Once known as the "aerospace capital of the world," the South Bay continues to shift its economic focus from defense contracting to the commercial high-tech arena.

There's just one problem: A shortage of capital to fund the transition.

The region has only captured about 4 percent of Southern California's venture capital funding. And in a survey conducted as part of the new study, 70 percent of the CEOs at South Bay technology firms said they worry about getting capital.

"The South Bay kind of falls off the radar screen when you think of 'hot' technology areas," said Cliff Numark, program director of Los Angeles Regional Technology Alliance, which co-authored the report with the South Bay Economic Development Partnership. "But the scope of the area's transformation is remarkable."

The study's findings suggest that the South Bay may be an under-appreciated sector of the area's high-tech economy.

> About one of every eight tech firms in L.A. County is located there. About one of every six high-tech employees work there.

> While the percentage of aerospace and defense workers has fallen as a share of South Bay technology workers, employment in computer services, telecommunications, and research services grew to 53 percent in 1995 (the last year for which figures are available), from 27 percent in 1987.

> The South Bay's aerospace workers aren't as dependent on defense contracts as they used to be. Half of aerospace employees work for companies involved with commercial space, commercial aircraft, or government space projects; the other half work in defense electronics and military space.

In 1988, aerospace and defense firms employed 55 percent of the South Bay's 85,000 technology workers. That share fell to 36 percent by 1995, even as the number of tech workers shrunk.

While many of the South Bay's tech companies are old-line defense contractors that have more recently started developing products for the commercial marketplace, Numark says a number of dot-com firms are springing up in the region.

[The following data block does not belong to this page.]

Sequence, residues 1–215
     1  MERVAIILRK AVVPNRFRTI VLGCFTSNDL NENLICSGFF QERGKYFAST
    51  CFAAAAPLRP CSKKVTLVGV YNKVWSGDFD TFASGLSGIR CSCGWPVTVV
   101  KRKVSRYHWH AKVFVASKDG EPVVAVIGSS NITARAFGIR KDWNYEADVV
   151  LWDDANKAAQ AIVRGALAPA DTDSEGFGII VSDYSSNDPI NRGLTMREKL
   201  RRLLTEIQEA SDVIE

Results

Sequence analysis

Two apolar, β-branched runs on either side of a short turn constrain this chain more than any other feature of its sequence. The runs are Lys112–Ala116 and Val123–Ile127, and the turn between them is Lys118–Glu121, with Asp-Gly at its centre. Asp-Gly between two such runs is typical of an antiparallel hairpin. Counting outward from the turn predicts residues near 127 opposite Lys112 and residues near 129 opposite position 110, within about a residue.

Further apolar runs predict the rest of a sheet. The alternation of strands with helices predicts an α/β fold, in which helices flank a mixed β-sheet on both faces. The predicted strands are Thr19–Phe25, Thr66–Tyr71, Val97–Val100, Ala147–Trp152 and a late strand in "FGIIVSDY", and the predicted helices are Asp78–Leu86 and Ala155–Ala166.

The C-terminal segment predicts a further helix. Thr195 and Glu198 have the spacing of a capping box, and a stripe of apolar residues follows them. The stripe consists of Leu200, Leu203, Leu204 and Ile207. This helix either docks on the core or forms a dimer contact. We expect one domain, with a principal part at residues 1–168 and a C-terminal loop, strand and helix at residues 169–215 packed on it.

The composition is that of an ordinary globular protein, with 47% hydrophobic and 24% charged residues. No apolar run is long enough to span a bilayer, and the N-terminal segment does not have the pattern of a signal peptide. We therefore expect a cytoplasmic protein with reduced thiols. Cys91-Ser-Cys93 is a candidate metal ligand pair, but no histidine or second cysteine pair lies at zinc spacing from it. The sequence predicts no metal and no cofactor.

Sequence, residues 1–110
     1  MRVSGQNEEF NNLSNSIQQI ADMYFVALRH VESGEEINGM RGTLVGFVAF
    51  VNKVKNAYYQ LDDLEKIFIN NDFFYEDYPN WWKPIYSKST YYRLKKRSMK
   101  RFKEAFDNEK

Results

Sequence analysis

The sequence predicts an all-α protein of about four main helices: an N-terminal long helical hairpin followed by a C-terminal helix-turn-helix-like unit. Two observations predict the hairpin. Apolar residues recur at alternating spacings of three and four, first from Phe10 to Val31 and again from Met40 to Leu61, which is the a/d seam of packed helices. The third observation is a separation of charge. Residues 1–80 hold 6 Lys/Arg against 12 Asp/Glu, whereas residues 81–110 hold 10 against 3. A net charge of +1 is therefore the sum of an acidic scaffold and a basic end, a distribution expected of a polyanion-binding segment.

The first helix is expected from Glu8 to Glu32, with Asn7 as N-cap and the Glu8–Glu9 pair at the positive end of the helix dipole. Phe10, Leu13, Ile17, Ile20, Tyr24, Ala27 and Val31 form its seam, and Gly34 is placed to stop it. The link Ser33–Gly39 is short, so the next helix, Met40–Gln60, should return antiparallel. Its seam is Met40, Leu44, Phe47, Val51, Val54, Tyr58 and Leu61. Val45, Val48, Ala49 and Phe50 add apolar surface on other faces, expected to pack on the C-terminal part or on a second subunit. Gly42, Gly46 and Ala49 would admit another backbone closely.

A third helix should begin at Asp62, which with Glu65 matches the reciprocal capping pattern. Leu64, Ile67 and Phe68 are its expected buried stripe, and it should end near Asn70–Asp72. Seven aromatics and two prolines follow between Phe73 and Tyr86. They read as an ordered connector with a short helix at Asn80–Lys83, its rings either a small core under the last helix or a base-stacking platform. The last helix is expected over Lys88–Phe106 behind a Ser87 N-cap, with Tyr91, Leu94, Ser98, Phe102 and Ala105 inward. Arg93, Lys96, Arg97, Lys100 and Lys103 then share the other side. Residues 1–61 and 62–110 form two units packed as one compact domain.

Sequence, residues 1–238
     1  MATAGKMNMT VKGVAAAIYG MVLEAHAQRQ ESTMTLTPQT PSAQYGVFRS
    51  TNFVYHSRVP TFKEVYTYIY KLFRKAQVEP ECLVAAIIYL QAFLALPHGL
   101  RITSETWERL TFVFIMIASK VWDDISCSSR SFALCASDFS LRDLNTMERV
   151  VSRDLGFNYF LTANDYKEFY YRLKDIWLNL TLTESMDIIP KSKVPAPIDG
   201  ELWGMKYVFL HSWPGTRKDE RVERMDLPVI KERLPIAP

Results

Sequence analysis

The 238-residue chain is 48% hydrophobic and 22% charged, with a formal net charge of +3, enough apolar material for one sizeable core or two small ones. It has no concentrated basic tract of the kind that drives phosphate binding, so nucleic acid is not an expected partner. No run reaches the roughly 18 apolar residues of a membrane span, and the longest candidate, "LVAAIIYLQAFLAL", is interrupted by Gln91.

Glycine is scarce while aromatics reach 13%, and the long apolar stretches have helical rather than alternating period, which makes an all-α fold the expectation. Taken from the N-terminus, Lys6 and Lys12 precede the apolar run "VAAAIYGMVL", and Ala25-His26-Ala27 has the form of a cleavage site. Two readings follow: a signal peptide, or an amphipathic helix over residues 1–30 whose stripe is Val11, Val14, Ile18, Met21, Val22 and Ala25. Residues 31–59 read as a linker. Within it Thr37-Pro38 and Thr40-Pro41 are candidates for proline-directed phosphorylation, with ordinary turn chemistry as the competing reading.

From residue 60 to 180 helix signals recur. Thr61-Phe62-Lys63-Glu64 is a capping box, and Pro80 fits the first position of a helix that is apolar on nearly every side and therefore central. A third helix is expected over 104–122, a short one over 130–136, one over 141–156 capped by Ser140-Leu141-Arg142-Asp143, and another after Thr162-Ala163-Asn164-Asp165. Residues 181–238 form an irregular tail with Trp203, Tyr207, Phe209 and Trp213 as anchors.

He cites PeopleMover, a Manhattan Beach-based company that offers human resources software and services online. Others include Gardena-based Web-site firm Affinity Web Hosting and R.B. Zack and Associates, a Web-design company in Rancho Palos Verdes.

While the tech job base is expanding, it continues to lag the numbers from the go-go '80s. In 1988, the region employed 85,000 technology workers; it now employs about 53,000.

Then there's the venture capital problem. The study notes that South Bay tech firms are often too mature to grab the attention of typical venture capitalists looking to finance a hot new dot-com startup. Only about 10 percent of the area's tech firms were founded in the past three years, a striking contrast to what's happening in other parts of Southern California.

Ironically, the companies may also be penalized because they say they don't want much money. Only 22 percent of the firms sought $2 million or more, the typical size of a late-stage venture-capital deal.

Because the companies aren't attracting money from venture capitalists, most (58 percent) said their prime source of equity was the company founder. Another 27 percent cited funding from an outside "angel" investor. Only 3 percent said they got money from a venture capital fund.

Numark says the South Bay's tech corridor has suffered from its anonymity.

"High-tech networking events typically take place in Irvine, Pasadena, or the Westside," Numark said. "A lot of people aren't aware of what is taking place in El Segundo and the rest of the area."

Even though aerospace and defense have declined as a share of the South Bay's economic base, "They will continue to be an anchor for the region," Numark said. The industries continue to employ about 16 percent of the area's workers.

"These companies are starting to move into more commercial areas, like space and satellite communications," he added, citing Hughes' DirecTV as an example. "But we expect that the breadth and depth of their influence on the area won't be as great."

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